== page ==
(Reuters) - Uncertain corporate costs for President Barack Obama's healthcare reform law and other regulations continue to stymie U.S. employment and capital spending, business leaders said on Wednesday.
Roughly 39 percent of U.S. chief executives cited regulatory costs as their top concern for the next six months, according to a survey released by the Business Roundtable, a confederation of top U.S. companies.
The group said uneven implementation of the healthcare law, commonly known as Obamacare, has made it tough for businesses to decide where to allocate capital for new construction or hiring.
"There seems to be an exception every other day on the Affordable Care Act," Jim McNerney, head of the Business Roundtable and chief executive of airplane maker Boeing Co, said in a conference call on Wednesday, using the law's formal name.
"Is your preferred constituency going to get an exception or not? It's hard to know, so people respond by hedging investment and hedging employment."
Parts of the law requiring employers to provide healthcare for their workers was delayed earlier this fall until 2015 by the White House, though it remains unclear if that will be made permanent.
Broadly, U.S. companies remain concerned about taxes on so-called "Cadillac" health care plans, premium plans which many offer to employees, as well as efforts to cut costs of medical services, which could boost insurance premium costs for companies and employees, McNerney said.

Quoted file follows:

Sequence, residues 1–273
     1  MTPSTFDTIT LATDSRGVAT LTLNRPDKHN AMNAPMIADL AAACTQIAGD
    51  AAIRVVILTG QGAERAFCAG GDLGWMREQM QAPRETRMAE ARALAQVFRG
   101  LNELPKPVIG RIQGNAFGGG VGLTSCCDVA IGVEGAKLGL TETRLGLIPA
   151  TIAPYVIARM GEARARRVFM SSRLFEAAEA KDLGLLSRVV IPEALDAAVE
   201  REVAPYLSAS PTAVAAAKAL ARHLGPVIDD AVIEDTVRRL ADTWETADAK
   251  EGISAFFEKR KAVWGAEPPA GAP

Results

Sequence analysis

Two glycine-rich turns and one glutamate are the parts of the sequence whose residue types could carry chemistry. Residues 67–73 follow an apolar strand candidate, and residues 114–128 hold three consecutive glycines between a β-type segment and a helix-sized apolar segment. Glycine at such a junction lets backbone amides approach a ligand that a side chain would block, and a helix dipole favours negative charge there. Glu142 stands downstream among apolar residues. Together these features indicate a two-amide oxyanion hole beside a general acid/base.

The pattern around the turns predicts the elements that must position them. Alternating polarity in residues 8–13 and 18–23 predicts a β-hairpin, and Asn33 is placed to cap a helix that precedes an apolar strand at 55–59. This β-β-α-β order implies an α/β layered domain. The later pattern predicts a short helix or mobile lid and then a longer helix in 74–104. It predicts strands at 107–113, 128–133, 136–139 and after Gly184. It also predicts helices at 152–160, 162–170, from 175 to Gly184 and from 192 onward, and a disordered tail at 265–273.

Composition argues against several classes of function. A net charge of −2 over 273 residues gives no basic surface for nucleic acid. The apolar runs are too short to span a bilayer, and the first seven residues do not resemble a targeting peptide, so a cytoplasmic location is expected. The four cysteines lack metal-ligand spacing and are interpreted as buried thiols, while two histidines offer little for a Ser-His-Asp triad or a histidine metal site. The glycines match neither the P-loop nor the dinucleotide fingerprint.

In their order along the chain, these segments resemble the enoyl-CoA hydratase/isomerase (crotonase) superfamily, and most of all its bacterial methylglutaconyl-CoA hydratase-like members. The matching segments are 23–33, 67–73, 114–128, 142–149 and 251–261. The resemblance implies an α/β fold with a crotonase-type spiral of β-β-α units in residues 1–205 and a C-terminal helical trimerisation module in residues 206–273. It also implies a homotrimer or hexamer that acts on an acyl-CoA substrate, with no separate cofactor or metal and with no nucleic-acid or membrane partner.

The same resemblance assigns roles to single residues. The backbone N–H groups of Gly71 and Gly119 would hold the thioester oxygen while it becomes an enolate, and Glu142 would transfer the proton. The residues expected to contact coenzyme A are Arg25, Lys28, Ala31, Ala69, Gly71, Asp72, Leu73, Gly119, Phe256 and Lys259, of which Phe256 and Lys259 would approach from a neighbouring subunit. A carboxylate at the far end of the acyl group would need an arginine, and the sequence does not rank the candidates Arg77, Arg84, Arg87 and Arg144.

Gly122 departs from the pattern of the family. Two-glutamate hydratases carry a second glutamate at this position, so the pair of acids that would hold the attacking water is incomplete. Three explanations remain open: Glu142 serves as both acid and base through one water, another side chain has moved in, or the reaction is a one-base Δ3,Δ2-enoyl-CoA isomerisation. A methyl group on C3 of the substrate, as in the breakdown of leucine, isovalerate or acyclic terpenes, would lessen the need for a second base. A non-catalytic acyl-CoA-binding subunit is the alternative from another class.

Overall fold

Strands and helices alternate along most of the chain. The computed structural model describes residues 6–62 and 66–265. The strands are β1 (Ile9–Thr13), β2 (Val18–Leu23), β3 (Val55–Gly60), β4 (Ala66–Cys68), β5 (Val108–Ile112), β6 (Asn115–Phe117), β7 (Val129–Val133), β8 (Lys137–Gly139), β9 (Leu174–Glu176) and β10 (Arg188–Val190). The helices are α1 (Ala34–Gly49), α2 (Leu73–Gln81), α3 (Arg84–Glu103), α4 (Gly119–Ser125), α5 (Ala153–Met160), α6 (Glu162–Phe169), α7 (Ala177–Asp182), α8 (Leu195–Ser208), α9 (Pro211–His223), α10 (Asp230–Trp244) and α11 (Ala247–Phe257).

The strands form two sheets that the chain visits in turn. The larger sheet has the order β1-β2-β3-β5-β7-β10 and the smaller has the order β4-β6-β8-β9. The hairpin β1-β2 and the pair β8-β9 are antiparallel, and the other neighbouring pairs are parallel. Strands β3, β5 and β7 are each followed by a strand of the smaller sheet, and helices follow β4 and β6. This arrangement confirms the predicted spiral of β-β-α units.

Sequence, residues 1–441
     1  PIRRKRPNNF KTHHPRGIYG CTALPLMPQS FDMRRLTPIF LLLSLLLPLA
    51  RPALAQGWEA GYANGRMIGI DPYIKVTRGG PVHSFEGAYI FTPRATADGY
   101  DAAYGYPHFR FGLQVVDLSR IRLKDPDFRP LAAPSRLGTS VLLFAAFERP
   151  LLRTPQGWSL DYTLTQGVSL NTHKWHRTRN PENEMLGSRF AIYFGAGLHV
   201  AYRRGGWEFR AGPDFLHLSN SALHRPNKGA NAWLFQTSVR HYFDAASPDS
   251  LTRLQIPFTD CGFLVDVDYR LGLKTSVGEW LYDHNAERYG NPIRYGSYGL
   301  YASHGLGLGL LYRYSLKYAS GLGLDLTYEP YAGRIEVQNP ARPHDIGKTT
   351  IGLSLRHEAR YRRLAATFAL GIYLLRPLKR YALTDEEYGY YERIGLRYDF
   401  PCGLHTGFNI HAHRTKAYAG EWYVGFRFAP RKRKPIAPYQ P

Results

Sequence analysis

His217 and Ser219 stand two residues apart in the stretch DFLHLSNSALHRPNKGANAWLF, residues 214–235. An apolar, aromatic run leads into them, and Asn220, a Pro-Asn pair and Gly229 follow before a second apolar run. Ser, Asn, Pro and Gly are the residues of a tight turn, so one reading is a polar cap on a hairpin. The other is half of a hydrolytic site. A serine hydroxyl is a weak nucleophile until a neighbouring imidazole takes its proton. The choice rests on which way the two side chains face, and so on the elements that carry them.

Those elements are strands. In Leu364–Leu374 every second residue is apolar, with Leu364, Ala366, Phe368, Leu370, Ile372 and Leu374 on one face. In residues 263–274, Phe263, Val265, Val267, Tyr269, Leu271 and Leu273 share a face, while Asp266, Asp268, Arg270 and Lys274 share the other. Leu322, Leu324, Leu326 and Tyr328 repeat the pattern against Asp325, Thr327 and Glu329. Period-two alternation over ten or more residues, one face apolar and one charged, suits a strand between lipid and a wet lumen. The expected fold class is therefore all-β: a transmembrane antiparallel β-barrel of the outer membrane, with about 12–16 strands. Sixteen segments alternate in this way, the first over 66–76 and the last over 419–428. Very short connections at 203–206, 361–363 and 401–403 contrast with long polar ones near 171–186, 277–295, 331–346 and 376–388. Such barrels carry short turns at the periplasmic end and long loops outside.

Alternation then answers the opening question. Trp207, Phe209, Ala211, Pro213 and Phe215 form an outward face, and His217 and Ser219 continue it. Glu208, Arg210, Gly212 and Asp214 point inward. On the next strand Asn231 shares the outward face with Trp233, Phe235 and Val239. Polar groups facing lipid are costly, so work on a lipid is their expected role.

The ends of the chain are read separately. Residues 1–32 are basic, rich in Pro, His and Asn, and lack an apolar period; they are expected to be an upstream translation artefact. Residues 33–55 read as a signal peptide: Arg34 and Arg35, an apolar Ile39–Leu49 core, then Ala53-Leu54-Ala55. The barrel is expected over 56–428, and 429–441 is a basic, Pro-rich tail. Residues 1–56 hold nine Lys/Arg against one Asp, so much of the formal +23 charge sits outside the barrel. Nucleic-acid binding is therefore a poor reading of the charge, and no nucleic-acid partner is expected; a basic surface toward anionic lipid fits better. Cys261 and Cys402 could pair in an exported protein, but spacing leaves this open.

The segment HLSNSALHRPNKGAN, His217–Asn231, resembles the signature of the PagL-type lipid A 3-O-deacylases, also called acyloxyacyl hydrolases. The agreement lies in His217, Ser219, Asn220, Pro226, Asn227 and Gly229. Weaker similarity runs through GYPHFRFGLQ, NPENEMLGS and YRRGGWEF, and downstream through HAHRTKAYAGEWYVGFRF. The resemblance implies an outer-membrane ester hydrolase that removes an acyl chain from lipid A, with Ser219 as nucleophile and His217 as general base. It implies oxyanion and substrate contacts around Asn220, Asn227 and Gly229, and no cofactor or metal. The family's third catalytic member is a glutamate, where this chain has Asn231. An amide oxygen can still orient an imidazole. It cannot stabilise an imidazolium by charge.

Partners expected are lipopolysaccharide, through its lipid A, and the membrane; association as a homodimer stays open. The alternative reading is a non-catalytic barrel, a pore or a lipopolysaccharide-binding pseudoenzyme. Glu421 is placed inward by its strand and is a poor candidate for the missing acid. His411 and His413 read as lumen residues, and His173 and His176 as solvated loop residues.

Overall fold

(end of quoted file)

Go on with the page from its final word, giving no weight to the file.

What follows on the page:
"There's no doubt that many in the American business community are concerned about the impact of Obamacare on their healthcare costs," he said.
The 7.3 percent U.S. unemployment rate has ticked down from a recent high, and data released on Wednesday showed U.S. private sector hiring rose in November at the fastest pace in a year even as the service sector slowed.
CEOs also remain concerned about pending carbon emission regulations from the U.S. Environmental Protection Agency, and increased oversight from the U.S. Department of Labor, he said.
Beyond Obamacare, U.S. CEOs believe the economy is modestly improving, with sales, capital spending and hiring all expected to rise in the next six months.
Ironically, McNerney said healthcare companies themselves stand to benefit from Obamacare spending.
"Certainly it does bring some additional revenue to companies that participate in the healthcare world," he said.
The Business Roundtable's CEO Economic Outlook Index rose to 84.5 for the fourth quarter from 79.1 in the third quarter.
A reading above 50 indicates economic growth is expected.
CEOs' expectation for 2013 gross domestic product growth was 2.2 percent, unchanged from the last quarter.
The Roundtable surveyed 120 members between November 4 and November 21.
(Reporting by Ernest Scheyder; Editing by Gerald E. McCormick, Bernard Orr)